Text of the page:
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Let's Talk About Gmail: Message Threads

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If you fully understand Google's threaded email conversations, you can't help but like them. Although there are rumors that Google will provide an opt-out of this trademark feature, threads are a requirement of the Gmail client today and something you need to understand as soon as possible.

Gmail is a highly optimized web application. It strives to make the most efficient use of the interface and does a remarkable job--especially considering the limitations of web programming today. Conversation threads allow Gmail to pack more messages onto one page and make sure important information is readily available to the user.

Let's think about how things were done before the Internet. Paper memos were generally unidirectional. Dick sends a memo to Jane but does not necessarily expect Jane to send a memo in direct reply. If there was a reply, organized people like Dick placed both the new memo and a copy of the original in a folder representing the exchange or project. (To be honest, I'm just guessing here--I really don't know how offices functioned without the Internet.)

Email is much more conversational. Most messages sent get a response, often more than one. Many messages are sent to multiple people and generate exponentially more messages. Those same organized people will file all related messages on the conversation into a dedicated folder.

Both of the examples above involve the basic idea of threading: related messages get grouped under a common theme. If you need to refresh your memory on the conversation, you look in the folder (paper or electronic) for earlier correspondence. The more organized you are, the easier it is to find what you are looking for.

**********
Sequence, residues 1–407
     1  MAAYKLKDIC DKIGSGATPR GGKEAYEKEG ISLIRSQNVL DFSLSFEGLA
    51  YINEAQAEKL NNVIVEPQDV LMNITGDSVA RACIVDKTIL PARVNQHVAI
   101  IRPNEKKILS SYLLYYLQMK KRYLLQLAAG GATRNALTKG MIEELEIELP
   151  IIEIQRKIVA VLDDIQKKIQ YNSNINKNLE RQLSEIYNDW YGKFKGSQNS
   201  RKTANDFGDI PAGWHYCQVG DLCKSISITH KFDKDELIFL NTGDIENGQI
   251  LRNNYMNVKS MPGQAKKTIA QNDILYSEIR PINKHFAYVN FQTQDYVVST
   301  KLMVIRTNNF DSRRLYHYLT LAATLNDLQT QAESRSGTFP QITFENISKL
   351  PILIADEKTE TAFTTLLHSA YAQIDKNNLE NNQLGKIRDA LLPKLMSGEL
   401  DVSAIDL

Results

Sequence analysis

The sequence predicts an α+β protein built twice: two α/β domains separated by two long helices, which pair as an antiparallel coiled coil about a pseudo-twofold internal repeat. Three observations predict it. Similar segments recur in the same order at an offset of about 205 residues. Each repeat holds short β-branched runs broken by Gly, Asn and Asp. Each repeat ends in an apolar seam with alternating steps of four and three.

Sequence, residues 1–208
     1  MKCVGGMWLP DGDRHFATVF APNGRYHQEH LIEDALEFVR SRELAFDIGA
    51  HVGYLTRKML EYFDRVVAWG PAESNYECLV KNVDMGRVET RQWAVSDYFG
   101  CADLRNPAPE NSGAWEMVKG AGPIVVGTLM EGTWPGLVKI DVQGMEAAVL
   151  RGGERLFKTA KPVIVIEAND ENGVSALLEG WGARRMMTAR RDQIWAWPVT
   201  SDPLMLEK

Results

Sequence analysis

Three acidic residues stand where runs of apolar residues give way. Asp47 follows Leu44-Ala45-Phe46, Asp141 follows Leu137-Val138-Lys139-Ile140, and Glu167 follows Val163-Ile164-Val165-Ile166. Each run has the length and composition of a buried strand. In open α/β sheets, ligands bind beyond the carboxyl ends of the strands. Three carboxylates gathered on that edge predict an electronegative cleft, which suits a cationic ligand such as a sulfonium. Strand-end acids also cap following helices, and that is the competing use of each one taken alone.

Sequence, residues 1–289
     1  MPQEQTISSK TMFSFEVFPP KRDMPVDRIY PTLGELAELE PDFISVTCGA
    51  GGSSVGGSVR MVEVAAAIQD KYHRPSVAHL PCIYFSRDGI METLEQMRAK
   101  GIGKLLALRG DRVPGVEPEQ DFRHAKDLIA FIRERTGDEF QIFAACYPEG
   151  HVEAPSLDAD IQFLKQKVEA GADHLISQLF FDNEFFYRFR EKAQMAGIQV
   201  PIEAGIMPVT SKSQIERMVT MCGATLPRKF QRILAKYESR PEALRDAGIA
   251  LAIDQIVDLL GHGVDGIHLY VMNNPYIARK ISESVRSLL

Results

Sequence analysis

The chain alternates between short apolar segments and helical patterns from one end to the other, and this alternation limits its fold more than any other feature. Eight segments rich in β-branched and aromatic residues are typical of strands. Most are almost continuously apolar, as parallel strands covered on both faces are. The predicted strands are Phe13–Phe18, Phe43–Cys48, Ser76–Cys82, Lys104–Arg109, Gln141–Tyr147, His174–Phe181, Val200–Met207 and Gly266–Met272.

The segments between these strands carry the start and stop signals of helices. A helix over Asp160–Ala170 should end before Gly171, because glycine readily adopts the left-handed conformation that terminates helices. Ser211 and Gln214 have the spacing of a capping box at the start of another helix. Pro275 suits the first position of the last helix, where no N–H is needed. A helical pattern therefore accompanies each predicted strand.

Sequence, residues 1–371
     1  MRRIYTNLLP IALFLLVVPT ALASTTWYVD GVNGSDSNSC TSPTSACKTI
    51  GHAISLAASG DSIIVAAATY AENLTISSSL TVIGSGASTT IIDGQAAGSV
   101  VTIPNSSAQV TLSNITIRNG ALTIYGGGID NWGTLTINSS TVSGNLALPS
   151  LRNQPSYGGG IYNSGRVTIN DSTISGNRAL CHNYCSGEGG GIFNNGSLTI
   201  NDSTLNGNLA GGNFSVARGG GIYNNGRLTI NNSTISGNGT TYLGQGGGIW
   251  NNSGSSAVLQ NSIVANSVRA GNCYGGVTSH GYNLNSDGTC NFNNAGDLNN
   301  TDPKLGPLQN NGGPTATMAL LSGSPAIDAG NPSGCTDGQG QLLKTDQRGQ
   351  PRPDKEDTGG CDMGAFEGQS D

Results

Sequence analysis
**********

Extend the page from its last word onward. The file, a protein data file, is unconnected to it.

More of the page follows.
All this manual work is so last century. No matter if you are an organized person or not, Google puts the technology to work for you. Conversation threading in Gmail keeps you organized. All messages you send or receive in the chain of replies or forwards are automatically grouped together on one line in Gmail. No need to file messages in a special folder just to remember what was said by whom (although you still can).

One key concept to remember is that a thread is only specific to you. For each conversation, each participant will have their own thread with only the subset of messages that they sent or received. You can keep some messages of the thread private (by limiting who you send them to) and others open to everyone in the conversation by replying to all. You control who is sent each message and what is included in each message. You can add new people to the conversation at any time. If you want to break the thread, all you have to do is change the subject line when you reply or forward (or start a new message, obviously).

It may seem that the options are too complicated or confusing, but once you get the hang of it, you'll wonder how you lived without it. No more responding to one message and then, because you hadn't caught up on your inbox, realizing someone else already answered the question before you did. No more hunting down the original message when someone picks up a conversation months later.

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